Milligan calls for calm ahead of Socceroos' date with destiny

Socceroos stand-in skipper Mark Milligan has appealed for calm ahead of the side's do-or-die qualifiers against Syria, insisting Australia have overcome more difficult situations in the past to qualify for the World Cup.

The Socceroos finished third in their qualifying group and must play off against Syria over two legs, their first clash in neutral Malacca, Malaysia, next week on October 5 with the return leg in Sydney five days later.

If they're successful they'll then play the fourth-placed CONCACAF side in November to secure a ticket to next year's showpiece in Russia.

Ange Postecoglou and the team have come in for plenty of flak for their inability to seal direct entry to the World Cup but Milligan, who is expected to again lead the side due to Mile Jedinak's fitness issues, said the players are not overly concerned about having to reach Russia the hard way.

"We've been in worse situations before and we prevailed so let's stay calm and positive," Milligan, 32, said.

"In the last qualifying campaign for 2014, leading up to the last three games, we were under enormous pressure.

"We had to get a result in Japan and at that stage we were long shots at getting something from the game because the Japanese were playing very well but we managed a 1-1 draw.

"Then we had to come home and beat Jordan in Melbourne, which we did, and we only overcame Iraq 1-0 in Sydney with a late goal from Josh Kennedy. It was a difficult match that we did not necessarily control.

"In the general scheme of things I think we've been in tougher situations.

"This time we are not in dire straits so let's not panic. Our fans need to make sure that when we come home from the first game against Syria they get behind us in a big way because we will need every bit of support."

Postecoglou has come under fire this qualifying campaign for his formation.

Some pundits have suggested that in his desire to develop an attacking style that would change the country's football mentality for ever, he has neglected a level of pragmatism that is sometimes necessary to survive in away games.

The Japan game which the Socceroos lost 2-0 is a case in point.

A draw would have been enough for the Socceroos to virtually seal qualification but they refused to play a cautious game and chose to retain their attacking mentality to no avail.

Milligan, who is vying to be a Socceroos squad member for a fourth straight World Cup, would have none of this.

"That's rubbish, to be honest," he said.

"I've been here long enough and seen enough fallout from games to know the ramifications of adventure and caution.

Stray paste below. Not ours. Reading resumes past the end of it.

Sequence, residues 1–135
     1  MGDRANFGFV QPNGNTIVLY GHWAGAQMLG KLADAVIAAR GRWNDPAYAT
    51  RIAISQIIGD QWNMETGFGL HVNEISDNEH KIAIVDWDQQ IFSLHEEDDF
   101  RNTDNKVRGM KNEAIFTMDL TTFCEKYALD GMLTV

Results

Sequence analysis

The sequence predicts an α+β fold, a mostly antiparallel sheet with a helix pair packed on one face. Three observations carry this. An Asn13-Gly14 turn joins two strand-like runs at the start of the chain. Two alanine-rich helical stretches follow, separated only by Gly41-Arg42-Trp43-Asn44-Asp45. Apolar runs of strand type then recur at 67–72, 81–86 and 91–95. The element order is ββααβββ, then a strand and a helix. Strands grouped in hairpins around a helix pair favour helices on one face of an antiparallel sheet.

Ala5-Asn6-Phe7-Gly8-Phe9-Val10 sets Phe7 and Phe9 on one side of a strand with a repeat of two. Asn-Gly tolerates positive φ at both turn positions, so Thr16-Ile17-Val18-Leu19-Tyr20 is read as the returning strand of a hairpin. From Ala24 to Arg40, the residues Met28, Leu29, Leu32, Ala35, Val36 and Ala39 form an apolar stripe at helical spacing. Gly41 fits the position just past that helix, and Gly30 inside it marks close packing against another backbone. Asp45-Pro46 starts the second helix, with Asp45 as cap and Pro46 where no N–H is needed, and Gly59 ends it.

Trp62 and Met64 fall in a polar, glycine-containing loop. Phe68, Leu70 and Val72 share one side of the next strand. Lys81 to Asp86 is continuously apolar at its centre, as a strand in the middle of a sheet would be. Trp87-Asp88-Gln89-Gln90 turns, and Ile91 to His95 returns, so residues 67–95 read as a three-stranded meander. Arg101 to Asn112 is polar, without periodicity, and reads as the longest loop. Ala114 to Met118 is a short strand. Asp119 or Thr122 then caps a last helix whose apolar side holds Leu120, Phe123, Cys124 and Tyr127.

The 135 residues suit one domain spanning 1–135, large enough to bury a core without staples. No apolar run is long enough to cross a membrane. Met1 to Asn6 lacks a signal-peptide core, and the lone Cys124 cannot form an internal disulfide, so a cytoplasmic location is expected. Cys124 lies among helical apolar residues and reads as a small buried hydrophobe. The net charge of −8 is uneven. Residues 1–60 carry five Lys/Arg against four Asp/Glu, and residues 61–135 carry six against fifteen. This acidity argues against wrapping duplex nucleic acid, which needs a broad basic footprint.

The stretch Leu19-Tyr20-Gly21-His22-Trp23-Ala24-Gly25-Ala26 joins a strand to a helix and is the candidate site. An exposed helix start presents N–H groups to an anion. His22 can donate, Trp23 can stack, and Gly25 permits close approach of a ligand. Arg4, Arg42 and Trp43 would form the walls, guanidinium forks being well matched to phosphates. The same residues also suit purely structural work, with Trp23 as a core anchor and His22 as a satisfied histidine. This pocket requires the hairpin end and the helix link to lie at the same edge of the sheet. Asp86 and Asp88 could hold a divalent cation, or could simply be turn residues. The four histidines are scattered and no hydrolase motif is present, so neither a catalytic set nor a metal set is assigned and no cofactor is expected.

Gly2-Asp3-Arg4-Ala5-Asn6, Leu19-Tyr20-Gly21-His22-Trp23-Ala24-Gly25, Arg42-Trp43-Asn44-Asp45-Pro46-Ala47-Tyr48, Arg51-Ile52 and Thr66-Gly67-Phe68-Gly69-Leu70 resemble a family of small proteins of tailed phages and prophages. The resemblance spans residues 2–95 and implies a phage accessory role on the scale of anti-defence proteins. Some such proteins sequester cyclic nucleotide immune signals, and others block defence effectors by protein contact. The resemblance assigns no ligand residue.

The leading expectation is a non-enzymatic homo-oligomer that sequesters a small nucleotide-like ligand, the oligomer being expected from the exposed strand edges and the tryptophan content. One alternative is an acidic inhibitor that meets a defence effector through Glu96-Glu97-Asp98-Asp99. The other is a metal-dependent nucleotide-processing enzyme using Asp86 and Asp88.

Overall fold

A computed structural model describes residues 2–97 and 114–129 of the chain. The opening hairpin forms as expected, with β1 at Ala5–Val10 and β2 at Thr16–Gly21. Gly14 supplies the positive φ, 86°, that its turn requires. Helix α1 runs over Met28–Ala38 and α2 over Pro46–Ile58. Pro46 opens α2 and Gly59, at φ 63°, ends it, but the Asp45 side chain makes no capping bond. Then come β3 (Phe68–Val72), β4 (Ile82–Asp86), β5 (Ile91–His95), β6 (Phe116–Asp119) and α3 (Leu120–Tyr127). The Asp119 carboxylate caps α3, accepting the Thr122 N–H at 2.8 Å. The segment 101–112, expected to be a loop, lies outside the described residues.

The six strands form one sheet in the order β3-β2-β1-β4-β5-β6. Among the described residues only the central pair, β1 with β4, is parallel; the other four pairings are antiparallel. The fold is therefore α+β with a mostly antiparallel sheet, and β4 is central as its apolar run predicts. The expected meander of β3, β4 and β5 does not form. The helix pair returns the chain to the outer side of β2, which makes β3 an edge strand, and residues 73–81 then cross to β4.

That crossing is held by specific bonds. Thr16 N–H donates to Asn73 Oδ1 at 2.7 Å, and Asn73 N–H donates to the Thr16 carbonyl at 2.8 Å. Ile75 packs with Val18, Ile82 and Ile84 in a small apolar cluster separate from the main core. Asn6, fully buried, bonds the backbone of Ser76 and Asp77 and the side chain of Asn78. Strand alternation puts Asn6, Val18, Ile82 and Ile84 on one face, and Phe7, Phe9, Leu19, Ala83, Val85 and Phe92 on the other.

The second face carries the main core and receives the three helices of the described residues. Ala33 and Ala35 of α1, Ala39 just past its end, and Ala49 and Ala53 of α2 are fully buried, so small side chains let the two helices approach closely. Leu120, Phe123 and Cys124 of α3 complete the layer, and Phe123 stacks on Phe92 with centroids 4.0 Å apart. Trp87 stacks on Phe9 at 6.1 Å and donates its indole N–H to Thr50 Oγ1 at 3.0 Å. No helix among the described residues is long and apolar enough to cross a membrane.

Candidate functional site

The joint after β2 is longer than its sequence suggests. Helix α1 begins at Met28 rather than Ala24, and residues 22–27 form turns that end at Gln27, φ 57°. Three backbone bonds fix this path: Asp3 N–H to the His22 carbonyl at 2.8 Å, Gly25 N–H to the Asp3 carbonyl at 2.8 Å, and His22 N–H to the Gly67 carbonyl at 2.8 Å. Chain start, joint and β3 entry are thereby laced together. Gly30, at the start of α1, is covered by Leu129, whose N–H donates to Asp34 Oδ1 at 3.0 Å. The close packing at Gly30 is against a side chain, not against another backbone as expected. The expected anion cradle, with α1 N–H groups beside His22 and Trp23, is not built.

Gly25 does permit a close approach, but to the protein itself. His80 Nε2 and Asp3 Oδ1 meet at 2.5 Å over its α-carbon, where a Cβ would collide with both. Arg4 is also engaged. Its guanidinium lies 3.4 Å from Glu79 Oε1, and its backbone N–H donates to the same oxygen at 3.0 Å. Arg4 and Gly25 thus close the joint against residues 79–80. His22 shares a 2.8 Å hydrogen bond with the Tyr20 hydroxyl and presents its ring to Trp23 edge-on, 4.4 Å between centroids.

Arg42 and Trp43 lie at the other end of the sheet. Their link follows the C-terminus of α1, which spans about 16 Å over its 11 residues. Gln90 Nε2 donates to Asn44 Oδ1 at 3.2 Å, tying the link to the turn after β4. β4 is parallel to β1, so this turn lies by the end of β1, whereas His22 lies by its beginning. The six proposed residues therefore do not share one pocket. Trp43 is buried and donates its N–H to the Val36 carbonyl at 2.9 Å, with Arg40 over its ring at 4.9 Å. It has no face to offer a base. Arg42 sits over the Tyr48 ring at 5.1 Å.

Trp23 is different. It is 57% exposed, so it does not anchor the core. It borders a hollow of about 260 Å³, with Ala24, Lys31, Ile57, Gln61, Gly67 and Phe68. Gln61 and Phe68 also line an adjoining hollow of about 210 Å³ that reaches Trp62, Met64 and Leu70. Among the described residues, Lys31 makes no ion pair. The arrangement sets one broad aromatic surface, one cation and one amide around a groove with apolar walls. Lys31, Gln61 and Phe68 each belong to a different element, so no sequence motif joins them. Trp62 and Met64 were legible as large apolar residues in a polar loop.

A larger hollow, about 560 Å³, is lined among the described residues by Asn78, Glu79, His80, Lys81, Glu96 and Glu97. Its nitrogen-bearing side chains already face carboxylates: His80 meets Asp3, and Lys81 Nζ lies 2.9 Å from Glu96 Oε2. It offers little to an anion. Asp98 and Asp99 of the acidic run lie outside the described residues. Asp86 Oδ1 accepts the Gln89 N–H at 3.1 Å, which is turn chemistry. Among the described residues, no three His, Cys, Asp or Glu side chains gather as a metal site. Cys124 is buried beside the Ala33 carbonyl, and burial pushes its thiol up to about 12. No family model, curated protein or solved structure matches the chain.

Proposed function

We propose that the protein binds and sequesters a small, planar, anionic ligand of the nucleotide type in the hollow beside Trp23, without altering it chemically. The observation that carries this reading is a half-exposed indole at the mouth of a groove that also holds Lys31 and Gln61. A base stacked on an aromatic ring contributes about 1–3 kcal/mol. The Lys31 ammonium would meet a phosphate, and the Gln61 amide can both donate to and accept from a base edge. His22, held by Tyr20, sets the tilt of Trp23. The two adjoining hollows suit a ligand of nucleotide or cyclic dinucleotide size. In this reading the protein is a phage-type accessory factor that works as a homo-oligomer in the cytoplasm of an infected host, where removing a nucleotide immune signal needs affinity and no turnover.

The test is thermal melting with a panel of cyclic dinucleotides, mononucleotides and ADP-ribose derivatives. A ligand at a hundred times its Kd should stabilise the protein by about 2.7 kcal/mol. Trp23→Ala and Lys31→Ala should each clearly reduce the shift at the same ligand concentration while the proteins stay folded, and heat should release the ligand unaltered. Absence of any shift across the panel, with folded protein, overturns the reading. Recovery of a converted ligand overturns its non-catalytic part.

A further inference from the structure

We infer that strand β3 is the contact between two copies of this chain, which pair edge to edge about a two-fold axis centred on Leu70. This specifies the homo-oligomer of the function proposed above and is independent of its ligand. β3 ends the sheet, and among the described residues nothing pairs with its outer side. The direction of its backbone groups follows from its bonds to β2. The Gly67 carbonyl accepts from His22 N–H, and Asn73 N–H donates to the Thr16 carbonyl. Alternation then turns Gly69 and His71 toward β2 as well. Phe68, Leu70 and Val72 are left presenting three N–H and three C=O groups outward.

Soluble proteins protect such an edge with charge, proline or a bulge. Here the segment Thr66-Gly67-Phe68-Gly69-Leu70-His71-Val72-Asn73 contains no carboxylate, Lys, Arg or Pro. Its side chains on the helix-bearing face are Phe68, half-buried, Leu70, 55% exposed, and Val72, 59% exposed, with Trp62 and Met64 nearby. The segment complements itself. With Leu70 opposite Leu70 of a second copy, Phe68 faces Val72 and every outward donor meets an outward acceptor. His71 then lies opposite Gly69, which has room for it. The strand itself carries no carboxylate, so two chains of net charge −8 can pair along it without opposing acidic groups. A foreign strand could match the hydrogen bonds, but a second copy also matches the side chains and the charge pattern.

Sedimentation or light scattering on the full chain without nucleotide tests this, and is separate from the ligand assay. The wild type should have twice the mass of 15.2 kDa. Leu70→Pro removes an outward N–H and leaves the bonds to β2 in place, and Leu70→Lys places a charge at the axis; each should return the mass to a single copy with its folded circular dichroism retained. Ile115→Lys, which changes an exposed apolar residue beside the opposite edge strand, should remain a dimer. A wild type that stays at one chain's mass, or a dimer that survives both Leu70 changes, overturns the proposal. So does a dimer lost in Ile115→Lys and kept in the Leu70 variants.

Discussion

"If you go back to the last qualifying campaign for 2014 people were saying we were too defensive.

"There is always going to be criticism and that's good. But the way we are doing things now - and I don't believe it's Ange's system but something the whole team has bought into - is best for us as a team going forward.

"Take the recent game in Saitama for example. I do not think that Japan are that superior to us that we should have played a cautious game that night.

"We went in with the right mentality but it's football and sometimes you do not win regardless if you have an attacking or defensive frame of mind.

"Remember this is the first qualifying campaign that we have gone in with an attacking mentality even away."

Milligan recalled that on the road to the 2014 World Cup, then-coach Holger Osieck played a more conservative style and booked Australia's place in Brazil but it still was not enough to save his job.

"In the last qualifying campaign we were more cautious. But we did not do anything differently when we drew 1-1 in Japan and we got hammered 6-0 by Brazil using the same system," Milligan said.

"The only difference is that the South Americans were able to break us down and the Japanese were not able to.

"We qualIfied for Brazil only for the coach Holger Osieck to lose his job two matches later."

Milligan recognises there is a growing sense of concern over Australia's chances of qualifying for Russia.

Having qualified for the past three editions, he is aware of the high expectation among the fans and media on the Socceroos but far from being weighed down by it, he said he welcomes it.

"I don't think the expectations from the media and the fans are too high. It is right that people expect us to qualify and I still believe we will get to Russia," he explained.

"The expectations are not a problem. The people expect us to qualify and we expect ourselves to qualify.

"People tend to forget that Ange brought in several young players into the squad a few years ago and even though these players have 30-odd caps now, the media sometimes forgets that they are talking about 24- or 25-year-olds who are experiencing this type of pressure situation for the first time."

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5 min read
Published 25 September 2017 at 1:24pm
By Philip Micallef